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molecular nanotechnology

Saturday 18 November 2006

Molecular nanotechnology (MNT) is a technology based on the ability to build structures to complex, atomic specifications by means of mechanosynthesis. This is distinct from nanoscale materials.

Based on Richard Feynman’s vision of miniature factories using nanomachines to build complex products (including additional nanomachines), this advanced form of nanotechnology (or molecular manufacturing) would make use of positionally-controlled mechanosynthesis guided by molecular machine systems.

MNT would involve combining physical principles demonstrated by chemistry, other nanotechnologies, and the molecular machinery of life with the systems engineering principles found in modern macroscale factories.

The desire in molecular nanotechnology would be to balance molecular reactions in positionally-controlled locations and orientations to obtain desired chemical reactions, and then to build systems by further assembling the products of these reactions.

A roadmap for the development of MNT is an objective of a broadly based technology project led by Battelle (the manager of several U.S. National Laboratories) and the Foresight Institute.

The roadmap was originally scheduled for completion by late 2006, but was released in January 2008.

The Nanofactory Collaboration is a more focused ongoing effort involving 23 researchers from 10 organizations and 4 countries that is developing a practical research agenda specifically aimed at positionally-controlled diamond mechanosynthesis and diamondoid nanofactory development.

In August 2005, a task force consisting of 50+ international experts from various fields was organized by the Center for Responsible Nanotechnology to study the societal implications of molecular nanotechnology.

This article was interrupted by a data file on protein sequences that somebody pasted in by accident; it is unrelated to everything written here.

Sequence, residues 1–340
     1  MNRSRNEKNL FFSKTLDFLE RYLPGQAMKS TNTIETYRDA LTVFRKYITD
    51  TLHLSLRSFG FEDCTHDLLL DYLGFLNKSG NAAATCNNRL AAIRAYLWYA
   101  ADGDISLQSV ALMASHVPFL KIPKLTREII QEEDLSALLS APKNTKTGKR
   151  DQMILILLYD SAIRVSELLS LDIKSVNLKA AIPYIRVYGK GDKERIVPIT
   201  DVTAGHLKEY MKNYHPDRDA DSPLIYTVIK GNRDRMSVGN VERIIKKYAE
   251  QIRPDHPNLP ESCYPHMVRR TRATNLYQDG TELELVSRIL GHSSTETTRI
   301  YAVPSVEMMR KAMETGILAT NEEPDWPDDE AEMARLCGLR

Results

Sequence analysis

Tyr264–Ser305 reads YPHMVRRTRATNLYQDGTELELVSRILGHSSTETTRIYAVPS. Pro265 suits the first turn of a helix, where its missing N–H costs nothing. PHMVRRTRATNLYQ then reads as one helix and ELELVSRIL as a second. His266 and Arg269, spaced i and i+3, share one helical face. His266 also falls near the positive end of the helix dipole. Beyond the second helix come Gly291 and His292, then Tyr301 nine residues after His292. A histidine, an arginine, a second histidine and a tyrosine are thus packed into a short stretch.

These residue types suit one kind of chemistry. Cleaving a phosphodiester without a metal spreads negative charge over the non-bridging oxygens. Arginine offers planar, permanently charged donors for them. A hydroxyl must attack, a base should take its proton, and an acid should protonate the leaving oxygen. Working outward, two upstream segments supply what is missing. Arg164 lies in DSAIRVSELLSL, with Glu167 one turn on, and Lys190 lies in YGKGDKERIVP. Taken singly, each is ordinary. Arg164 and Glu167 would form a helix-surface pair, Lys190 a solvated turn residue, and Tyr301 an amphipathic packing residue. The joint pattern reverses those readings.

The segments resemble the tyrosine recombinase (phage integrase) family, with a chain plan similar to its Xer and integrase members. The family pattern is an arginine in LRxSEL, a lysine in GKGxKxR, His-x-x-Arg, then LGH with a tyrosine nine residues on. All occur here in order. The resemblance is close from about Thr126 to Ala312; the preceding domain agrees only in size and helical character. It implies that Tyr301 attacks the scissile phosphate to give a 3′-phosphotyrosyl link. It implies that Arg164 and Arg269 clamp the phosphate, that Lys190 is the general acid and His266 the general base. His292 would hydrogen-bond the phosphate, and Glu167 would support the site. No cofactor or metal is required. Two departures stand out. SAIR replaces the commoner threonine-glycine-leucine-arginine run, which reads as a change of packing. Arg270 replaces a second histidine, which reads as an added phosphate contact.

Smart materials and nanosensors

One proposed application of MNT is so-called "smart materials". This term refers to any sort of material designed and engineered at the nanometer scale for a specific task. It encompasses a wide variety of possible commercial applications.

One example would be materials designed to respond differently to various molecules; such a capability could lead, for example, to artificial drugs which would recognize and render inert specific viruses.

Another is the idea of self-healing structures, which would repair small tears in a surface naturally in the same way as self-sealing tires or human skin.

A MNT nanosensor would resemble a smart material, involving a small component within a larger machine that would react to its environment and change in some fundamental, intentional way.

A very simple example: a photosensor might passively measure the incident light and discharge its absorbed energy as electricity when the light passes above or below a specified threshold, sending a signal to a larger machine.

Such a sensor would supposedly cost less and use less power than a conventional sensor, and yet function usefully in all the same applications — for example, turning on parking lot lights when it gets dark.

While smart materials and nanosensors both exemplify useful applications of MNT, they pale in comparison with the complexity of the technology most popularly associated with the term: the replicating nanorobot.

See also

- smart materials
- nanosensors
- replicating nanorobots
- medical nanorobots
- utility fog
- phase-array optics


- Herrmann H, Bar H, Kreplak L, Strelkov SV, Aebi U. Intermediate filaments: from cell architecture to nanomechanics. Nat Rev Mol Cell Biol. 2007 Jul;8(7):562-73. PMID: 17551517

- Condon A. Designed DNA molecules: principles and applications of molecular nanotechnology. Nat Rev Genet. 2006 Jul;7(7):565-75. PMID: 16770339